Interview: Roscosmos Boss Speaks on Space Tourism, Priorities and Agency Restructuring

Roscosmos has posted the transcript of an interview that Vladimir Popovkin gave to the Russian newspaper Kommersant. The space agency chief touches on a wide range of issues, including space tourism, the budget, the restructuring of Roscosmos and the Russian space industry, and the future of the Angara rocket.

The highlights, translated from Russian:

Space Tourism

  • Popovkin views human spaceflight as worthwhile if it produced practical results. “If a person just wants to go to orbit, I believe this is an inefficient activity.”
  • On increasing annual Soyuz production to five spacecraft in order to fly space tourists: “Space tourism must be carried out on extra money. If the corporation Energia or any other corporation, or tourists themselves, will be able to find them [extra funds] and build a ship, then such tourism has the right to exist. Space tourism at the expense of the budget – it’s not space tourism…..This idea will be developed…We [Roscosmos] are for space tourism, but first create a business plan, and we will help take out loans. But there is no reflection of the state program of this issue should not be.”

The Budget

  • Roscosmos has seen a significant budget boost to $2.3 billion, but space spending is actually $3.38 billion when one takes into account the separately funded GLONASS navigational constellation, a program to modernize the military-industrial complex, and several other programs aimed at improving the national technological base and developing new systems.
  • Roscosmos could always use a higher budget, but the main programs have sufficient funds.
  • The agency will need annual boosts of 4-6 percent from 2013-2020 to keep up with inflation.

Key Programmatic Priorities

  • Roscosmos “plans to significantly increase the share of funding for projects aimed at creating a satellite-based communications, navigation, remote sensing, as well as the creation of meteorological aids….Given the geography of our country, satellite technology, should be key, especially in terms of communication, for example, access to the Internet.”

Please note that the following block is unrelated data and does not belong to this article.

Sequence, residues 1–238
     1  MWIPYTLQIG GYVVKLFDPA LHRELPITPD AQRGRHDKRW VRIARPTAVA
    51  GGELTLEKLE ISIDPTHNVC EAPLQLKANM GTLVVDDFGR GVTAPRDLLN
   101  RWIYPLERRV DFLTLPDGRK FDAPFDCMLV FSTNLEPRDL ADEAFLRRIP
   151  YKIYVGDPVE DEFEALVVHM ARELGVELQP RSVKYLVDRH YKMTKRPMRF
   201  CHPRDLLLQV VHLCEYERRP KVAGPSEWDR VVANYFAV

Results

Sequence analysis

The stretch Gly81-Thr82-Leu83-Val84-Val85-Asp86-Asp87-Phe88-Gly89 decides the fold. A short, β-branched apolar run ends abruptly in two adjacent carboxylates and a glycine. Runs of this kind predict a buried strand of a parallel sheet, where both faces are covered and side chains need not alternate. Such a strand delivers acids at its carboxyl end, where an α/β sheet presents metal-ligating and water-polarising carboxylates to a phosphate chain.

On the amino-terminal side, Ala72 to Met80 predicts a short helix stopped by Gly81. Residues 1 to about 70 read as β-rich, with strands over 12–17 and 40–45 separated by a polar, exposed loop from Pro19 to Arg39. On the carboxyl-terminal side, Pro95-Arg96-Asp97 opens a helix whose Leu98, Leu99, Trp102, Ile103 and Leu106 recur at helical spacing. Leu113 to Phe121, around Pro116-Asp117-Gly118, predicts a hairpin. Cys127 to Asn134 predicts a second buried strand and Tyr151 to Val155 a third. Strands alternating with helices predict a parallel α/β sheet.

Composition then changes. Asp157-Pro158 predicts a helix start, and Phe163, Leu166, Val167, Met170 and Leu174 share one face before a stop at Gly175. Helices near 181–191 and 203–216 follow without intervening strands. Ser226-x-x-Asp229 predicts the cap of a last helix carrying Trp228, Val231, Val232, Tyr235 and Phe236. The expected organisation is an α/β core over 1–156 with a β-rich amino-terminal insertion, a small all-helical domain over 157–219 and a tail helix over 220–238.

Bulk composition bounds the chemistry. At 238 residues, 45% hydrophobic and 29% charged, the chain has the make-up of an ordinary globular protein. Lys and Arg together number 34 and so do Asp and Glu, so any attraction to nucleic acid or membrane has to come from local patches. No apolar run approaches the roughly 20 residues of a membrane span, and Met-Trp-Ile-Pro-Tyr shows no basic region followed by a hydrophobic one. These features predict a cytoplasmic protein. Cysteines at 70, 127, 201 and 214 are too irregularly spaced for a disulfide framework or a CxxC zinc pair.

• The Soyuz spacecraft replacement will begin flight tests in2018 and have two variants: a six-person vehicle to transport crews to and from the International Space Station, and a four-person variant designed for individual flights of up to 30 days.
  • The new Angara rocket family, which is set to debut in 2013, will replace the older Proton rocket. Popovkin says Angara will enter commercial service not earlier than 2017-2018 period. The rocket will fly from Baikonur and the new Vostochny spaceport.
  • The Vostochny spaceport in the Far East, set to open in the middle of the decade, will cost approximately $8.4 billion to construct.

Roscosmos Restructuring

  • Popovkin hints strongly at layoffs when he discusses a major restructuring of Roscosmos to make it leaner and more efficient. “It will create several new offices. The process is nearing completion, and the agency will pay particular attention to the management of organizations operating in the structure of the Russian Space Agency, the property set of issues, corporate governance.…This process coincided with the decision of the Russian Government to reduce civil servants by 20% to 2013: 5% will be reduced in 2011-2012, and 10% – in 2013.”

Industry Consolidation

  • Russia will continue to consolidate its sprawling and inefficient space sector into a smaller number of joint stock corporations. “The first phase of this optimization Roskosmos already passed by constructing holdings on the vertical lines. The next step – to connect the vertical holding each other. To start the optimization of the horizontal. It now will be done.”
  • Current priorities include the creation of the Comet and Iosifyan joint stock companies. The Khrunichev consortium will be expanded and a new company established based on CDB heavy machinery. “In general, at the end of the year there should be 14 integrated companies, covering more than 50% of the industry. Then we will plan further changes.”